ByLuke Quine, writer at Creators.co
20. Aspiring Filmmaker. Opinionated Film-Watcher.
Luke Quine

I’m disappointed by the second Sin City film, but not in the way you think.

Last night, after weeks of trying to find someone willing to go with me, I FINALLY got to see Sin City: A Dame to Kill For. I am a fan of the first film, as well as most of Frank Miller’s movie adaptations (except from a HUGELY underwhelming second 300 movie), therefore it was natural that I was eagerly anticipating the release of A Dame to Kill For.

Reports of box office failings started to appear along with early critical reviews. Those reviews giving the general consensus that this movie was painfully average and, in almost all cases, inferior to the original. It was at this time that I began to worry. Despite all of this, I was still determined to go see for myself whether or not the movie lived up to my expectations, and thank God I did.

I am actually disappointed by Sin City 2, but not in the way that everyone else seems to be; I’m disappointed by its lackluster marketing campaign, its poor critical reviews, and by how badly it has bombed ($22 million so far worldwide on a budget of over $60m!). Sin City: A Dame to Kill For, should have performed better, and I think I know why it didn’t.

Sin City: A Dame to Kill For is, in my opinion, FAR superior to the original movie. Both myself and my cinema companion concluded that it was a pretty incredible experience, and in a lot of ways, a much more successful attempt at bringing Sin City to life than the first one. We also both agreed that, while we are fans of the original, it sometimes is over-hyped.

Now, I know that at the time of the original’s release it was utterly groundbreaking in terms of visual style and storytelling, and that is part of the reason why it has such a strong and dedicated fan base. And I agree that the original movie is unique, exciting, beautiful and mature, but it does drag a bit by the end of the third act. Honestly, I think if you were to watch it again, you would probably agree with me. The final segment in the original movie seems to go on forever. Once the prostitutes of “Old Town” get involved, it’s a never-ending bloodbath. And, while that isn’t inherently a bad thing, it seems to over stay it’s welcome. I think the main problem with the 2005 original, clocking in at 124 minutes, is that it is simply too long for the material that Robert Rodriguez and Frank Miller have on offer. Another inherent problem in the original is that not all of the segments are as strong as one another- the main segment involving Mickey Rourke’s character Marv by far and away being the most interesting-and the others sort of fall by the wayside.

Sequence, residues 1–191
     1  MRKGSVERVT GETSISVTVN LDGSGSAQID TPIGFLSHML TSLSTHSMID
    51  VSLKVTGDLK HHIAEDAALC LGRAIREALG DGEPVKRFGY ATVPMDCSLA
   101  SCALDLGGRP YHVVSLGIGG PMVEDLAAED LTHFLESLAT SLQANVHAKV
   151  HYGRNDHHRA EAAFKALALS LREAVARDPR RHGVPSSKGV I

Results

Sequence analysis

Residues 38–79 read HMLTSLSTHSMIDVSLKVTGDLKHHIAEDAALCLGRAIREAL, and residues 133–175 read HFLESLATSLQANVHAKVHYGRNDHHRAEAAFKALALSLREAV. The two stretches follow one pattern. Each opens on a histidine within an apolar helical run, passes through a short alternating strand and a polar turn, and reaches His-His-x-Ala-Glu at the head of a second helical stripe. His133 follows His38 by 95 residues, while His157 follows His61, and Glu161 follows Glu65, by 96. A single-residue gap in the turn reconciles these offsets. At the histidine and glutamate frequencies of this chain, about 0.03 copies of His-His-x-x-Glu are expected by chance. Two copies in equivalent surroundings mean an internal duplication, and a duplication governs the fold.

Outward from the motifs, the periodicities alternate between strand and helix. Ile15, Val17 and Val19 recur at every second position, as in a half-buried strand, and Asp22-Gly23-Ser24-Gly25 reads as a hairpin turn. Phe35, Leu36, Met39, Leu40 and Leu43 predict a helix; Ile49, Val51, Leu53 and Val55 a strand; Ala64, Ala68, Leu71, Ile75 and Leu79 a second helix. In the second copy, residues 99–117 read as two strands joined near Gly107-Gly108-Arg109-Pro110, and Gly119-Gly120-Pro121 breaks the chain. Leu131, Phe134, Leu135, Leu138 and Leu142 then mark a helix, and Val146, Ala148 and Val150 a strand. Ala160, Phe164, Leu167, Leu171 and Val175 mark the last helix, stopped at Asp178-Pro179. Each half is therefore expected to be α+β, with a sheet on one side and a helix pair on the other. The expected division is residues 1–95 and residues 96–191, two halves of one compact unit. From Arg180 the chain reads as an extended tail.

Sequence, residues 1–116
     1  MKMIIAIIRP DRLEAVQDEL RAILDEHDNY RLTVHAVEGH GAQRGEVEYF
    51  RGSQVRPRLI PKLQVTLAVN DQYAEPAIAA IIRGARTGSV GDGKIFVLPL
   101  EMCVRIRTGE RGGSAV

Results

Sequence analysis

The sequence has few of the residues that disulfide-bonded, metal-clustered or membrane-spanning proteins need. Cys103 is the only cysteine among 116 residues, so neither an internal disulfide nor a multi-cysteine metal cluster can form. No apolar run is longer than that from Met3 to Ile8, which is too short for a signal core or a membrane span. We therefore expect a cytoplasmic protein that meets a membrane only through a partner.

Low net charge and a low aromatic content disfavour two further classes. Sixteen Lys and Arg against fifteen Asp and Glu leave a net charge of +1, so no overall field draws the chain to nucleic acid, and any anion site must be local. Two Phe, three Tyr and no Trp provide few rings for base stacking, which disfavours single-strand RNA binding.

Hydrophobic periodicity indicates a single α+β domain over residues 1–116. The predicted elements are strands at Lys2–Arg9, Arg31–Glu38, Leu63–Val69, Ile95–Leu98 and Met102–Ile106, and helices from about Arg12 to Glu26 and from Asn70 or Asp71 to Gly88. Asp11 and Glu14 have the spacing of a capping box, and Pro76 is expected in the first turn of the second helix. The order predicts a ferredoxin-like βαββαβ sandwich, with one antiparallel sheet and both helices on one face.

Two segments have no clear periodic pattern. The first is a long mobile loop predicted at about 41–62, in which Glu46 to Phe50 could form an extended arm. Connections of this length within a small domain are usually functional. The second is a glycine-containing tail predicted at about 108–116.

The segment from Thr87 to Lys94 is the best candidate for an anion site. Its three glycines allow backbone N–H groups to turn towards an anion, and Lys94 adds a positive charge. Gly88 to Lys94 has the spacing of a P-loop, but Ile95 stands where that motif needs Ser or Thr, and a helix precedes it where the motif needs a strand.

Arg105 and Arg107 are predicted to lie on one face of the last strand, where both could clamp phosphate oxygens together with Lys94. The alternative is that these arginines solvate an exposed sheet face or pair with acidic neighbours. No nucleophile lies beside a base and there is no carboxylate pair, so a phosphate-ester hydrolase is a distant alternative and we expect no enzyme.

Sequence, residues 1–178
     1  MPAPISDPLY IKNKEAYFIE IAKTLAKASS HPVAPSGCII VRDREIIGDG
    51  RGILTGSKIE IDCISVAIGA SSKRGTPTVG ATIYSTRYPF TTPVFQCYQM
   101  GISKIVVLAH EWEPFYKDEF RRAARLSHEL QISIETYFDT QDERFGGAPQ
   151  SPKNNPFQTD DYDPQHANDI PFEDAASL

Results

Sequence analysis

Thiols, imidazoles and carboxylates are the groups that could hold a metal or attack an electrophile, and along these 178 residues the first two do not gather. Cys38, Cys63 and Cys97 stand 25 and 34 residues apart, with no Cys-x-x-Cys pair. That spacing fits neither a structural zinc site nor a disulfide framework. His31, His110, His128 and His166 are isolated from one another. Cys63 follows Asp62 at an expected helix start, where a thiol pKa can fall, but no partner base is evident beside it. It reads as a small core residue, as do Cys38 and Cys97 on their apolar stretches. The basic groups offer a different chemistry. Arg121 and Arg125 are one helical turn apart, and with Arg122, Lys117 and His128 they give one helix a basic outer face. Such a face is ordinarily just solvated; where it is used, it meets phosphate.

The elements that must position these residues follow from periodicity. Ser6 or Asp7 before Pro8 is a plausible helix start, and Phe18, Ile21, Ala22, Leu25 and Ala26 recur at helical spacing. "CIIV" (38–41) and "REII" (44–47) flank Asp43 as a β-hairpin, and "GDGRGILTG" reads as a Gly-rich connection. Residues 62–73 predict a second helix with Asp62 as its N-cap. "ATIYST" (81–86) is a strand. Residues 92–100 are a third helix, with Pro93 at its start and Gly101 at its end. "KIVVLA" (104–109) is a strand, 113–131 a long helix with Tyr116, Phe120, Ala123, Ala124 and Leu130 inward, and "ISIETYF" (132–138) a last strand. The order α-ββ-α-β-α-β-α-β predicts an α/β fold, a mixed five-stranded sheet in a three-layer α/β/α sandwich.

All of that changes in the 2014 sequel. Every single one of the segments are thoroughly engaging, with a particular favorite of mine being the one that shares the movie’s title: A Dame to Kill For. Eva Green is absolutely phenomenal. She plays one of the most interesting and enthralling characters that Sin City has to offer, and Dwight (Josh Brolin) and Marv are equally brilliant.

Having said that, Joseph Gordon-Levitt, a new addition to the Sin City cast, is also spectacular. He portrays suave a poker player out for revenge while Jessica Alba, owns her much more beefed out role as Nancy.